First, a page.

Title: Raw Cut
Author: K.T. Forbes
Publisher: Amber Allure
Characters: Cabell Scott, David Regent, Moreau Givan
Sub-Genre: Contemporary, Erotic Romance
The kitchen behind a prestigious New York City restaurant can be a brutal place for a brilliant young chef to learn the ropes. But Cabell Scott is tough and talented…more than up to the task. After all, he has a dream to own a fine establishment some day. And he’s willing to do whatever it takes to make that happen.
It’s not long before the gorgeous line cook attracts the attention of the legendary chef, Moreau Givan, who is more than willing to teach Cabell the fine points of culinary technique. When the relationship between the two men moves from the kitchen to the bedroom, Cabell finds himself on a path of discovery that encompasses far more than his cooking skill.
As Cabell works his way up the ranks in professional kitchens, his tumultuous love life nearly topples his career. And when his newly opened restaurant is threatened by his past, Cabell is forced to take his own measure as he wrestles with a decision that will set the course for the rest of his life.
We get this story only from Cabell’s point of view since this is first and foremost his journey of self-discovery. In the beginning Cabell is young and naïve, and as a chef starting out, he forms a passionate bond with a famous chef, Moreau. Unfortunately, Moreau’s main obsession is cooking, and Cabell has to shed some delusions of his own. When returning to his home town, he meets David, a history bookshop owner, who is vastly different from Moreau. Cabell begins to see his social life in a different light. Yet, he chooses his career over any man—and as a result he becomes the cold, obsessive person he fears. He knows he has to change his life, or have a breakdown, but easier said than done.
This story spans over several years. Cabell changes a lot in the course of the story arc. In fact, his inner musings are covered very well here. His personality comes through loud and clear, fragile and idealistic at first as a virgin, and later as an obsessive man who goes through a baptism of fire, and finally as the grown man who sees himself realistically and finds a balance in his life.
The cooking industry is shown in realistic light. Some kitchens do well with calm, competent leadership and thrive, while others suffer under cruel, tyrannical, greedy bosses and flicker off for various reasons. Cabell comes to see both sides, which strengthens his view of what a perfect restaurant would be. This gives the story a firm backdrop which fuels Cabell’s own obsession with furthering his career. In fact, this kind of constant pursuit of a better career is shown very well, a stark depiction of a character facet that can crush a person’s soul—if they let it. Cabell get awfully close to that edge.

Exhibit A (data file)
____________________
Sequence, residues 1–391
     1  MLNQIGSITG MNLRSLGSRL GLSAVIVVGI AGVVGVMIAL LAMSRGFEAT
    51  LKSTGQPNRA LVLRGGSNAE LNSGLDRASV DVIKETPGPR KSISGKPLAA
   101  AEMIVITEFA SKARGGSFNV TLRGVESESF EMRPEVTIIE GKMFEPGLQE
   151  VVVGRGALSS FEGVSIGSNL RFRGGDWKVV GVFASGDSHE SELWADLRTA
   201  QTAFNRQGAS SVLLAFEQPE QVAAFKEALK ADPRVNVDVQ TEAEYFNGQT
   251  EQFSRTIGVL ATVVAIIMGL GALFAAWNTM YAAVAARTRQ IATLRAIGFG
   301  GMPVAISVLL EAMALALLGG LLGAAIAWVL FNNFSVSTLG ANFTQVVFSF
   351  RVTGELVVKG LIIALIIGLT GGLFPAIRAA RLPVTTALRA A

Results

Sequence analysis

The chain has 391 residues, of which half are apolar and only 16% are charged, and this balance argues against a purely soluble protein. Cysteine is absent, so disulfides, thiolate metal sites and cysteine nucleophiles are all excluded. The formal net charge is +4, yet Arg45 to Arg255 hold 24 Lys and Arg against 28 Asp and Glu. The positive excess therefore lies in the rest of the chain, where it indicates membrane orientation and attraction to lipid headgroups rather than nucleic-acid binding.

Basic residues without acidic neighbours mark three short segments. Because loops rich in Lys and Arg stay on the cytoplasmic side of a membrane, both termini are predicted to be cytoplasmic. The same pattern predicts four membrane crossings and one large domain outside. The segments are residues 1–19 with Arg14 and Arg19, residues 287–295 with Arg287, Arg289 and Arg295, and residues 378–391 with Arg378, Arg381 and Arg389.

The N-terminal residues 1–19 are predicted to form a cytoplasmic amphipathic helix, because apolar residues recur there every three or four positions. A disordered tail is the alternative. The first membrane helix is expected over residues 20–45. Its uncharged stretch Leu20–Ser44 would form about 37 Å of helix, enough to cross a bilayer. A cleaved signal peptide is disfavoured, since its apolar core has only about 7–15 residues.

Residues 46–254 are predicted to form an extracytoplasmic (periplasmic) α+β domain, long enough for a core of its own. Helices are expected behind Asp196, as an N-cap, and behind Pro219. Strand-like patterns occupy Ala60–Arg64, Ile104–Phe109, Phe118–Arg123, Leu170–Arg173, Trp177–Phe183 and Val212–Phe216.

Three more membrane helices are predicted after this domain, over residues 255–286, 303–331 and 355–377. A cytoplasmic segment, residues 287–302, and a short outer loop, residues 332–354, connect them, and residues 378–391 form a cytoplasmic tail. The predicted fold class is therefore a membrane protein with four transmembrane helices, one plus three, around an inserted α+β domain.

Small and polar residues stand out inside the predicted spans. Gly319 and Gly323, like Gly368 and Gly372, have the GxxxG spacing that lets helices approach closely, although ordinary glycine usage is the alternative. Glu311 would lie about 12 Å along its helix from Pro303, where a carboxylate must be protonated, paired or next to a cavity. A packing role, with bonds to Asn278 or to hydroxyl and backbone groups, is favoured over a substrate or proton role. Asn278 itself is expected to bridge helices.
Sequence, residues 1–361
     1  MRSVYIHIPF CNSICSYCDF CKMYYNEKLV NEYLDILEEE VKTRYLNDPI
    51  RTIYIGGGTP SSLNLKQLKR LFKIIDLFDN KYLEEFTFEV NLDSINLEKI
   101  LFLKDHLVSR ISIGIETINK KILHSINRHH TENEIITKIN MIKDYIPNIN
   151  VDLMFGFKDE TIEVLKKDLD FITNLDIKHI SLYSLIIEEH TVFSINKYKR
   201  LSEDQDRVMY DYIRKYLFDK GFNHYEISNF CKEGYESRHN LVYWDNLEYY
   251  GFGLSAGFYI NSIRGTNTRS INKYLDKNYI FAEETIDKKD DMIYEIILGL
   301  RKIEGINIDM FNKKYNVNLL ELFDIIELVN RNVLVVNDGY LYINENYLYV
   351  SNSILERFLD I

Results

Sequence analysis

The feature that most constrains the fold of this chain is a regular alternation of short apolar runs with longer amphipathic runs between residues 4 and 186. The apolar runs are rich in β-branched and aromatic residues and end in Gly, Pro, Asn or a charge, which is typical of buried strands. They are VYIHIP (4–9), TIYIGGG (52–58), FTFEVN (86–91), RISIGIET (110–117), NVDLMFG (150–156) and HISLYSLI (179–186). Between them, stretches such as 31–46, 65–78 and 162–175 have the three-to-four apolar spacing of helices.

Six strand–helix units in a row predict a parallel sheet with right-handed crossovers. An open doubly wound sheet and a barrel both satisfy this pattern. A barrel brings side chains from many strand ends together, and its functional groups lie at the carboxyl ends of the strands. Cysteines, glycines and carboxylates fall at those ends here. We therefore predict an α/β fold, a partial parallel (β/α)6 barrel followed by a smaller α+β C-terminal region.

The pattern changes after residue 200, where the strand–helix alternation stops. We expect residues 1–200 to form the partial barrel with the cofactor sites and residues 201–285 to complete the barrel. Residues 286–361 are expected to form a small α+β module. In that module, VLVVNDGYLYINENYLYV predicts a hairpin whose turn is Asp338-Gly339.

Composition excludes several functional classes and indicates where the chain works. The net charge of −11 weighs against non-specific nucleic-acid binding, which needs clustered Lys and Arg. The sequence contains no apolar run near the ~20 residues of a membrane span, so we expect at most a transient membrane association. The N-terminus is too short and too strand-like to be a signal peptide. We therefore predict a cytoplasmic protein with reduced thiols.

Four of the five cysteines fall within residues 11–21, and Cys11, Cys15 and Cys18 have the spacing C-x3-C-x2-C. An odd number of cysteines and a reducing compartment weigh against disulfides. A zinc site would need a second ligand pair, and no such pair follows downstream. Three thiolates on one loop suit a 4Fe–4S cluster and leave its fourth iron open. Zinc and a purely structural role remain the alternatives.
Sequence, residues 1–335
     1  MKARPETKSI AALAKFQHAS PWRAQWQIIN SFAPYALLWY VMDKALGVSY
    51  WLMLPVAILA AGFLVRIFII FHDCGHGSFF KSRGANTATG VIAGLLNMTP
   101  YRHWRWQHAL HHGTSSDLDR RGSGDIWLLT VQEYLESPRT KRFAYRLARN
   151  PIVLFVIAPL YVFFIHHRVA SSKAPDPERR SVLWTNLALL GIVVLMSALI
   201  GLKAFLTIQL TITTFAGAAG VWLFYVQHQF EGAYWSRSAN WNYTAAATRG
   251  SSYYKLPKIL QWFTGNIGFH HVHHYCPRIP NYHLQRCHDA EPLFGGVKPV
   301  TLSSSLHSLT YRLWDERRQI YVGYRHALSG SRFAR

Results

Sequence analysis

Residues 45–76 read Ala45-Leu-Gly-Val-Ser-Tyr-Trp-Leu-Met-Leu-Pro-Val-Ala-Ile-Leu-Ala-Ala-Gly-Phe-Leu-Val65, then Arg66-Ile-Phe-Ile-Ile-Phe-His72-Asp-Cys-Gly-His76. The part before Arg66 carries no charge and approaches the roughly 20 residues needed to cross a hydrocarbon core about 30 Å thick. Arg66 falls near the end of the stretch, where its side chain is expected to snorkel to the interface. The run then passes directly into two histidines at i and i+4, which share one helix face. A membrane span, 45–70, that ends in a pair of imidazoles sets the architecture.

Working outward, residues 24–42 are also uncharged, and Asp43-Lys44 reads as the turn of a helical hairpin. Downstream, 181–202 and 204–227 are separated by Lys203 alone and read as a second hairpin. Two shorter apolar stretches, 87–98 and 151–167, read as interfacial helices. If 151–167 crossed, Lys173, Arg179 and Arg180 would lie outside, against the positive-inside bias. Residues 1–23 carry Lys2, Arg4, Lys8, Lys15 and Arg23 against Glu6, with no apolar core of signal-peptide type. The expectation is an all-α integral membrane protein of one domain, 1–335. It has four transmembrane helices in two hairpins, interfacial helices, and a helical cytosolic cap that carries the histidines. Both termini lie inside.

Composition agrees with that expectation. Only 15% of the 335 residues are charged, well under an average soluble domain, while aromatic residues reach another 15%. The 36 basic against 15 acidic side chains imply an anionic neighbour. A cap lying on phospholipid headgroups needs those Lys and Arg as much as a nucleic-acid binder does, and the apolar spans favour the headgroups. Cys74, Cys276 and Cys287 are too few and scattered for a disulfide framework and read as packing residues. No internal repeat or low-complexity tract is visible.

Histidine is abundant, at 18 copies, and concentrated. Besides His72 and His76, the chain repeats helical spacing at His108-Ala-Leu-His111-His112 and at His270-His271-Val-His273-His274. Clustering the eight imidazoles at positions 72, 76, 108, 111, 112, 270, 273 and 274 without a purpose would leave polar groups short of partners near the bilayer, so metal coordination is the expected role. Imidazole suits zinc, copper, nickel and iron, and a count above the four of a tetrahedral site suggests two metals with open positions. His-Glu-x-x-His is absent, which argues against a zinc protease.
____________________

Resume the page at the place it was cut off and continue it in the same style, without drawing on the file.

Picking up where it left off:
Moreau and David represent opposite sides of the personality pole. Moreau is manipulative, career-oriented, cold, and extremely selfish. David is optimistic, kind, forgiving, an all around good person. Though we don’t get their points of view, we get in their heads with every look, every gesture, every word spoken and unspoken. The characterization here was done exceedingly well.
The writing is solid, if a bit dragging with the erotic scenes. In fact, the beginning of the book, depicting Cabell and Moreau’s relationship, is filled with sex scenes to the point I just wanted to get on with the story already. I understood the reasoning behind it, to show the kind of emotionally hollow relationship the two men had. Still, I felt like the story actually started when Cabell returned to his hometown. At that point the pace of the plot quickened, and I was glad about that. There are a couple of plot twists along the way. What happens to Moreau, especially, is shown with a sort of blatant subtlety, if you get my drift. You’ll see. About the erotic scenes: There’s quite a few of them, and at some situations they felt off, blocking the continuation of the plot. They weren’t bad, just… unnecessary.
Nonetheless, this a good story with strong, realistic characters, well-developed plot, and a glimpse into an industry I’m glad I’m not a part of. Recommended.
Reviewed By: Susan